If you’ve been following Android smartphones for a long time, you might remember Google’s Nexus line. Comprised of both smartphones and tablets, it was the ultimate set of devices for enthusiasts and developers alike. I had a Google Nexus 5, and there were only a few Nexus devices released after that before the company switched to the Pixel line instead. However, this transition was more than just a name change. The move from Nexus to Pixel completely reinvented Google’s smartphone business. With the Google Pixel 7 series approaching and with it, the anniversary of the Pixel series, we thought it was appropriate to remember how the Pixel series changed the course of Google in smartphones.
The shift from developers to consumers
Previously, Nexus smartphones were generally thought of as developers’ reference devices – a pretty clean base anyone could use to tackle Android development. That didn’t stop enthusiasts from buying it either, of course, but there wasn’t really a mainstream appeal. Google didn’t really market these devices either, and the company didn’t include exclusive features at all. That all changed with the first Pixel smartphone.
For example, the Nexus 6P (made alongside Huawei) comes with anything very special. It was a great design with a decent camera, but there was nothing special to write about in the software department. Later came the Google Pixel, with the assistant built into the operating system (at the time, it was included in Google Allo, of all places), a new Pixel Launcher, and a much improved camera — the best in a Google smartphone to date.
Since then, Google has done its best in ambient computing, exclusive software features, and even marketing. Nothing the company is doing now will happen with the Pixel line as part of the Nexus. Play Now, a fun feature aimed entirely at the masses would have no place on the developer’s device. Previously, any features released on a Nexus device were typical features that were part of AOSP and any manufacturer could integrate them. With the Pixel, though, Google has gone from creating niche hardware to being a competitor to the many OEMs that provide a software base.
Cameras, Pixel Visual Core, and laying the foundation for Tensor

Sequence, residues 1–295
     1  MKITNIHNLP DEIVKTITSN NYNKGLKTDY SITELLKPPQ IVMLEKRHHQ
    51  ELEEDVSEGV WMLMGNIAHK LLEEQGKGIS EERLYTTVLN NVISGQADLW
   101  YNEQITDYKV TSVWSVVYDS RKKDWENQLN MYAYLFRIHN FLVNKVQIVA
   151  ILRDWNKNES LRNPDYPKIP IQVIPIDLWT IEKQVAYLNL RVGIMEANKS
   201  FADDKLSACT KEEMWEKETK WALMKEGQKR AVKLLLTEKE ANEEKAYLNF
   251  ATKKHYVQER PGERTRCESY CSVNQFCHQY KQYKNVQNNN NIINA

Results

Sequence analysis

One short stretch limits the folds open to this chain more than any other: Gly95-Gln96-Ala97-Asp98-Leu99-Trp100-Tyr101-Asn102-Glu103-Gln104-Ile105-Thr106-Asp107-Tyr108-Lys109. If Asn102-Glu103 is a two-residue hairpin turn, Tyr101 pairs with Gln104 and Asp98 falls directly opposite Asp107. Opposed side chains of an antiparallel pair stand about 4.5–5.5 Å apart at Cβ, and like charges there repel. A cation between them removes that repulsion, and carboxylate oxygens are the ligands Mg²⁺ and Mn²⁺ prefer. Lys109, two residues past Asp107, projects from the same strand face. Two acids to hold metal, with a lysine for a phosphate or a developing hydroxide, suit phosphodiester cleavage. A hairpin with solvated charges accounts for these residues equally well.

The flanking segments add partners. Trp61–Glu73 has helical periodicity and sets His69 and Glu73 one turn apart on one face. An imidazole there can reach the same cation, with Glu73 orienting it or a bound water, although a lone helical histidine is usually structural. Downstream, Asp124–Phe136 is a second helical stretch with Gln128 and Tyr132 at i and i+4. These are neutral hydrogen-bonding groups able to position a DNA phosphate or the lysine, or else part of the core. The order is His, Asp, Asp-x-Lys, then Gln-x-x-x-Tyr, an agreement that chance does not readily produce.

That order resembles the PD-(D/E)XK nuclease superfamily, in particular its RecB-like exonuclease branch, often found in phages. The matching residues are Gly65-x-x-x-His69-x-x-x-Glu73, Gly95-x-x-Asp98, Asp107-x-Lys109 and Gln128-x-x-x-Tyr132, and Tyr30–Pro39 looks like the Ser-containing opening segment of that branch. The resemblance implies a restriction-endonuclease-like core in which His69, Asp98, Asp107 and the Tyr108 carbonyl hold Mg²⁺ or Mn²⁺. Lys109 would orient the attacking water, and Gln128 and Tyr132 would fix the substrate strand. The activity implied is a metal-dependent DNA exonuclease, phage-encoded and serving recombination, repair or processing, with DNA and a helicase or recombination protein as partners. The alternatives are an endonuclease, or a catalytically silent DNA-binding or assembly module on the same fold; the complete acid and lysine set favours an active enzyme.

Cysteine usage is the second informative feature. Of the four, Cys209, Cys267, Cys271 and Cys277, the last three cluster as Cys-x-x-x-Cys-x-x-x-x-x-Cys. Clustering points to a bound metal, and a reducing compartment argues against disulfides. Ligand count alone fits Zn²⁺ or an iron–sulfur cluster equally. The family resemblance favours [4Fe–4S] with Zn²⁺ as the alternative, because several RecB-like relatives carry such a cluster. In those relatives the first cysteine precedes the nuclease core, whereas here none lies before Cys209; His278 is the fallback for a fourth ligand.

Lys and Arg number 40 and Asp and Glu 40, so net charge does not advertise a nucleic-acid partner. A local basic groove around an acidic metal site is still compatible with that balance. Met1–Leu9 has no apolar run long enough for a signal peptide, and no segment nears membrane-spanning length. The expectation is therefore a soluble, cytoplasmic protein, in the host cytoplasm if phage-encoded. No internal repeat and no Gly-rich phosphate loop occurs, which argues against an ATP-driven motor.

If there’s one particular feature in the Pixel range that doesn’t make sense on the Nexus series, it’s the camera. Google has made great strides in smartphone photography with its Pixel series, and it’s something that’s aimed at the mainstream more than anything else. Through doubled efforts and the introduction of the Pixel Visual Core as well as with the Pixel 2, Google’s efforts overshadowed anything it had done with the Nexus line. So far, with Tensor being a joint effort between Samsung and Google, it’s clear that the company’s first foray into custom silicon has led the Pixel series down the path we are on today.
For Nexus, the treatment it faced from Google was completely out of step with mainstream audiences versus competitors. It would never work in the state it was in if Google wanted to launch it on carriers with a broader appeal, as in the case of the Pixel lineup. It all started from the ground up after the Nexus, and the company’s approach to the Pixel lineup was probably its first-ever foray into smartphones in general.
All of this means that Google’s path with its Pixel lineup has followed a path it couldn’t have with the Nexus — at least not in the state it was in. I think the company has plans to try to do what it did with the Pixels on the Nexus series at some point (since the HDR+ algorithm already showed up there, not on the Pixel lineup), but I think they realized the vision was for their smartphones incompatible with the Nexus brand at that the time. The Galaxy Nexus was probably the last Nexus phone to have mainstream appeal since it was made by Samsung and already launched to carriers.
Can we see the revival of the Nexus?
It’s hard to say if we’ll see a revival of the Nexus brand, but I think if we do, it won’t be in smartphones again. Google has obviously been looking at something different with its smartphone division for a while, and I think reintroducing the Nexus phone would spoil the waters a bit. However, can it work with developer-oriented devices? Certainly. After all, we’ve got a file Nexus Player That essentially predated Chromecast with Google TV. It wasn’t the Nexus either Just phones and tablets.
However, the move from Nexus to Pixel has reinvented Google’s overall smartphone strategy. It has transformed it from just a software provider with hardware to indicate a comprehensive competitor in the space. Even if it’s not the biggest or best manufacturer, a small but growing group of consumers who use Pixel smartphones as their daily driver may not have done the same with their Nexus.
One thing is for sure though: for anyone wanting to buy a Google smartphone, it was definitely for the best. I loved the Nexus 5, but compared to the rest of the competition, it wasn’t an act Lots. It was just a good, powerful Android phone at a time when skins like TouchWiz were the best. Nowadays, Pixels offers a lot, even when compared to the rest of the competition, and it’s something Google has been working towards for years.
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